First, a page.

Federal-employee clients of financial advisers in the national capital area are taking the federal government shutdown in stride, even though they're due to miss their first paychecks this week. Others, however, will struggle without the immediate income.
The shutdown, which has put 800,000 federal workers on unpaid status and resulted in the furlough of 380,000, is entering its third week. Most federal agencies issued paychecks just before their doors closed Dec. 22. Wages that are due Friday will not arrive if the shutdown drags on.
Several advisers said their clients are weathering the shutdown thanks to financial planning that ensured they would have a cushion. Others aren't so lucky.
"It seems that the rainy-day fund we have encouraged our clients to establish has finally found its rainy day," said Erik Scudder, financial planner at Integrated Financial Partners in Fairfax, Va. "While this by no means makes this a comfortable circumstance, it perhaps makes it less uncomfortable knowing that they should have at least three to six months of living expenses in a liquid position to get them through this."
A cash buffer helps clients make ends meet and keeps them out of their individual retirement accounts.
"If they don't have that emergency fund, they'll tap into assets that aren't as ideal as rainy-day funds," Mr. Scudder said.
Ric Edelman, founder of Edleman Financial Engines in Fairfax, Va., said his clients are insulated against missed paychecks, but thousands of other federal workers need the help of an adviser.
"It's unconscionable that there are federal employees who are in immediate financial distress because of the shutdown," Mr. Edelman said. "These folks are living paycheck-to-paycheck and are clearly unprepared for adverse economic events."
Those who are in financial difficulty because of the shutdown should contact their mortgage lenders, banks and credit card companies to tell them about their circumstances, said Brent Weiss, co-founder and head planner at Facet Wealth in Baltimore, Md.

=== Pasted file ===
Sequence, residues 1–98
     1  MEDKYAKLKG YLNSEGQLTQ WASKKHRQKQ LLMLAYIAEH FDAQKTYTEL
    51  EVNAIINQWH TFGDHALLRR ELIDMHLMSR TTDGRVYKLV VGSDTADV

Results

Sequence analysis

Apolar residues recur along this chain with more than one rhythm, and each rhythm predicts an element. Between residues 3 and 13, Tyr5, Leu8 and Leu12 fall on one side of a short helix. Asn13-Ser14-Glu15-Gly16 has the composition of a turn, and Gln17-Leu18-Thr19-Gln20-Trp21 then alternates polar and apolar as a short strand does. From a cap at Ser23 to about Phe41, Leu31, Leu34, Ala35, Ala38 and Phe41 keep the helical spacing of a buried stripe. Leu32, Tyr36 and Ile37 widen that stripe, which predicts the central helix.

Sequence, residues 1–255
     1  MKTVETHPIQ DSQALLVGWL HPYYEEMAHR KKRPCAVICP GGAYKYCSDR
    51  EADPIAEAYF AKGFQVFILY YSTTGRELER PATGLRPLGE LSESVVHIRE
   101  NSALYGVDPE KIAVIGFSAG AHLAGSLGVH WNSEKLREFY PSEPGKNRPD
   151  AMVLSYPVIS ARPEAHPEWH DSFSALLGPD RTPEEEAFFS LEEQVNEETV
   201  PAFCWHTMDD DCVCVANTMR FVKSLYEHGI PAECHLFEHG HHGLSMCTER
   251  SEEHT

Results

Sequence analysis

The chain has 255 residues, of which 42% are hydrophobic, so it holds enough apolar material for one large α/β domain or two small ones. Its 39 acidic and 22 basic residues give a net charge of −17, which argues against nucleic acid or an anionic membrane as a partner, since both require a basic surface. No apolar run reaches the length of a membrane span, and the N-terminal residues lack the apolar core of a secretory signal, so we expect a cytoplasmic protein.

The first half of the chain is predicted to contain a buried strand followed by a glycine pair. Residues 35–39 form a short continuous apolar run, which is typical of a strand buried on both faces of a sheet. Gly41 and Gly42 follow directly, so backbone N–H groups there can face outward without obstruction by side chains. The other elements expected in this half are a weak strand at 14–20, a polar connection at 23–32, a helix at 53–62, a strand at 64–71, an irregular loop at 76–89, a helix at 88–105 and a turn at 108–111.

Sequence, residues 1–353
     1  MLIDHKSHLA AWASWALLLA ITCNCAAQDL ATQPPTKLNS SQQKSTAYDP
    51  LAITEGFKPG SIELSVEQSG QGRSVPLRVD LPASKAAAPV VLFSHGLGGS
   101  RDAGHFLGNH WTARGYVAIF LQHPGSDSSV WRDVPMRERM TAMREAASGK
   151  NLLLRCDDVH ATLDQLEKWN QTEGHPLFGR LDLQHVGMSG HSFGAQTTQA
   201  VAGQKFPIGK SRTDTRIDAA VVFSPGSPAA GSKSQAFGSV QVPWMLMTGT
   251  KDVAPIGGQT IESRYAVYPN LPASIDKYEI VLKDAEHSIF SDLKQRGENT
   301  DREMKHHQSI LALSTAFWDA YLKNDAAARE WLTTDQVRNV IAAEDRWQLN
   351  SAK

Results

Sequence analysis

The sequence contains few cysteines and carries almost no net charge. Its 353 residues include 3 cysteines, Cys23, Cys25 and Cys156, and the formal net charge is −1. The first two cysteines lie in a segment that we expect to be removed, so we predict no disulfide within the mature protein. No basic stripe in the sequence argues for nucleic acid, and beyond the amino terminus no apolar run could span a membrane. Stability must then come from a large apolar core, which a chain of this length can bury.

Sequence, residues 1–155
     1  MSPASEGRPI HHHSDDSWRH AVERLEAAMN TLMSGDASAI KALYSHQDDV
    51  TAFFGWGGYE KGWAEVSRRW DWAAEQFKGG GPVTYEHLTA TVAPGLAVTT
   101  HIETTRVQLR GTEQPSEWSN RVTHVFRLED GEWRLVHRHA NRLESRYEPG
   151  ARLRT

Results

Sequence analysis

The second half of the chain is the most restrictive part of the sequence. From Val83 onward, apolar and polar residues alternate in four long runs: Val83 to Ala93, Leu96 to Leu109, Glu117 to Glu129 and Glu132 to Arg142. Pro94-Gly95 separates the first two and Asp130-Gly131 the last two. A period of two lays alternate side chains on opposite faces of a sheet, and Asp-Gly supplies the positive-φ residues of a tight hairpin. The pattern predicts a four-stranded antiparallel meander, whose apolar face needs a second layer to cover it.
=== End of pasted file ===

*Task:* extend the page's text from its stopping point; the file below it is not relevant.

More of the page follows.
"Most institutions will work with you, but you have to call them," Mr. Weiss said. "If you keep waiting, all of a sudden after two weeks or a month, you're behind the eight ball. Act today."
The Office of Personnel Management has posted on its website sample letters that federal employees can send to creditors and mortgage companies. Some federal credit unions are offering generous loan terms.
"Just don't panic," said Patrick Beagle, owner of WealthCrest Financial Services in Springfield, Va. "There are a lot of resources out there."
Mr. Beagle also advises furloughed federal workers to apply for unemployment compensation during the shutdown. Typically, the government has given employees all their back pay when operations resume. In that case, workers who received unemployment would have to pay it back to their state once Uncle Sam makes them whole again.
And how can some workers best play catch-up when the shutdown ends?
Federal workers have a retirement program that is among the most admired, the Thrift Savings Plan, because of its low costs. Those who are furloughed would probably be better off taking a loan against their retirement savings to cover any outstanding bills than to stop contributing to the plan for weeks or months after the shutdown, said Karen Schaeffer, owner of Schaeffer Financial in Rockville, Md.
"If you underfund your Thrift, you pay for that for the rest of your life," she said.
She said the federal employees she works with are sanguine so far.
"Even though they're missing paychecks, they're fine," Ms. Schaeffer said. "Their plan is not going to fall apart."
But President Donald J. Trump and congressional Democrats don't seem close to resolving differences over funding for a border wall, increasing the prospects for a long shutdown that also has brought most activity at the Securities and Exchange Commission to a halt.
Most federal workers are probably used to shutdowns, having gone through them in 2013 and several other years. That makes putting together a financial plan crucial, Mr. Weiss said.
"In a divided Congress, you're going to see some impasses, and you have to be prepared for it," he said. "This is the new normal — the yo-yo economy. You're on your own and are going to have to plan for it."